| Jesus Conde

Want to cover more ground when finding leads? Work with competitors. That’s what Chris Newcomer and Michael Barto do. Each is the owner of a remodeling company — Prism Home Improvement & Restoration and Chelsea Enterprises, respectively — in Rochester, N.Y. The pair began partnering on projects several years ago.

Although Barto’s strength is more construction-oriented than Newcomer’s, both do design work and both focus on historic restoration and renovation. They could be called competitors. But that hasn’t prevented them from collaborating.

With their combined client bases, each has doubled his referrals, Newcomer says. “It’s a way to tackle the market with more resources.”

Taking the Lead

For each job on which they collaborate, one of the pair “owns” the project while the other acts as a trade partner. Newcomer says that he likes the arrangement “because you can have the resources you need between the two companies for any project you need to do.”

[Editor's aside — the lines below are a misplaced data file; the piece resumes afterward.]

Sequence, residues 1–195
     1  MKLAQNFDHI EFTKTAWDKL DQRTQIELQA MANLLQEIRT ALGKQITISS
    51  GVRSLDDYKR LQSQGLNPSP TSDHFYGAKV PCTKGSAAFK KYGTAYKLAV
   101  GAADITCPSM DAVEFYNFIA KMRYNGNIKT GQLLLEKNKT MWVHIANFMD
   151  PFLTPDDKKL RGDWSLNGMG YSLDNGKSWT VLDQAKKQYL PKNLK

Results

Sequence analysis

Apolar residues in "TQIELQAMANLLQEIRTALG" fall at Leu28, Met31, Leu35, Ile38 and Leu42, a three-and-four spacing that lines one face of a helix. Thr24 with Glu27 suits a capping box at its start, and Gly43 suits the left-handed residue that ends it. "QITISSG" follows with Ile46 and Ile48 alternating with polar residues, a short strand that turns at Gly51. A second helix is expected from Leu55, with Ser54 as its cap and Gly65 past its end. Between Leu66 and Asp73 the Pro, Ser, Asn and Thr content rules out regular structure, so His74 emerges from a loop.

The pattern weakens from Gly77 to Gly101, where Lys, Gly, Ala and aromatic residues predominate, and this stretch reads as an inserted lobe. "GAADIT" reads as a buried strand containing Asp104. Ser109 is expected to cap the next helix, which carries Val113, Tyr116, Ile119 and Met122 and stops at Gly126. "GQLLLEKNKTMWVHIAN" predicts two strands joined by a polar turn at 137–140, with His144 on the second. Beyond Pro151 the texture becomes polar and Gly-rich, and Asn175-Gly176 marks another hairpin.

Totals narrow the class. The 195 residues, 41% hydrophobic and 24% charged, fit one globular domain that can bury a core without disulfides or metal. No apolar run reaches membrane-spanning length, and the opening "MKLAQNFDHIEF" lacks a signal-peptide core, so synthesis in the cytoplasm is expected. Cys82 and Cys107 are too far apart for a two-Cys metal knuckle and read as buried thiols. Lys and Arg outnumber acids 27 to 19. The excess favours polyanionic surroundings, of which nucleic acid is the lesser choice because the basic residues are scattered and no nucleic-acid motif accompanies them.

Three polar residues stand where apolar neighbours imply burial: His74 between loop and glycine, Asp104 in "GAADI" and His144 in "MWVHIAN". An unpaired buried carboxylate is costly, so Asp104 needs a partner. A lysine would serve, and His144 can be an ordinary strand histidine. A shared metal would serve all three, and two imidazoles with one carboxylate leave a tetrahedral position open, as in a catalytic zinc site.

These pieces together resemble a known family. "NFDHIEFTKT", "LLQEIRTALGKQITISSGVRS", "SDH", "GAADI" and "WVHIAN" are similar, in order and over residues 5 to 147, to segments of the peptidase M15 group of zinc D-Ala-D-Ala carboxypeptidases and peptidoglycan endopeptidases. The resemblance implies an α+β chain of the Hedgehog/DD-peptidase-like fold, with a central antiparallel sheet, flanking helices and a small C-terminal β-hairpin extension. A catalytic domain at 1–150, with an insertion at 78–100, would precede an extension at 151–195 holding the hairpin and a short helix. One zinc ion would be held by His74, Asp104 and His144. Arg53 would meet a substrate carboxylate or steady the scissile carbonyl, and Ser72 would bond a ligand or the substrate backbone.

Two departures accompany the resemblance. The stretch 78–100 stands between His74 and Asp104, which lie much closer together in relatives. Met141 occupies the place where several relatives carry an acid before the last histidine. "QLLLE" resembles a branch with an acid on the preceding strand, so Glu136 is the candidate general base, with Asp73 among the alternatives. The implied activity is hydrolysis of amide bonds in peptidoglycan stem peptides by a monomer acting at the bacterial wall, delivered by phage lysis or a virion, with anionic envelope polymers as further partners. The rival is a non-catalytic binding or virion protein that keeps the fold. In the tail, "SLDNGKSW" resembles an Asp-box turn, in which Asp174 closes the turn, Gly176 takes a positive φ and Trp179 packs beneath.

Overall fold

In this kind of working relationship, however, it’s not just the owners who have to get along, the company cultures must mesh enough that the crews work well together.

Although Prism Home Improvement & Restoration and Chelsea Enterprises each have different company structures and processes, Newcomer says that, provided the jobs are organized well, the field crews are able to work out any differences.

Friends for many years, Newcomer and Barto don’t, however, want to create a single business entity. “It’s working well this way, and there’s no reason to go down that path,” Newcomer says.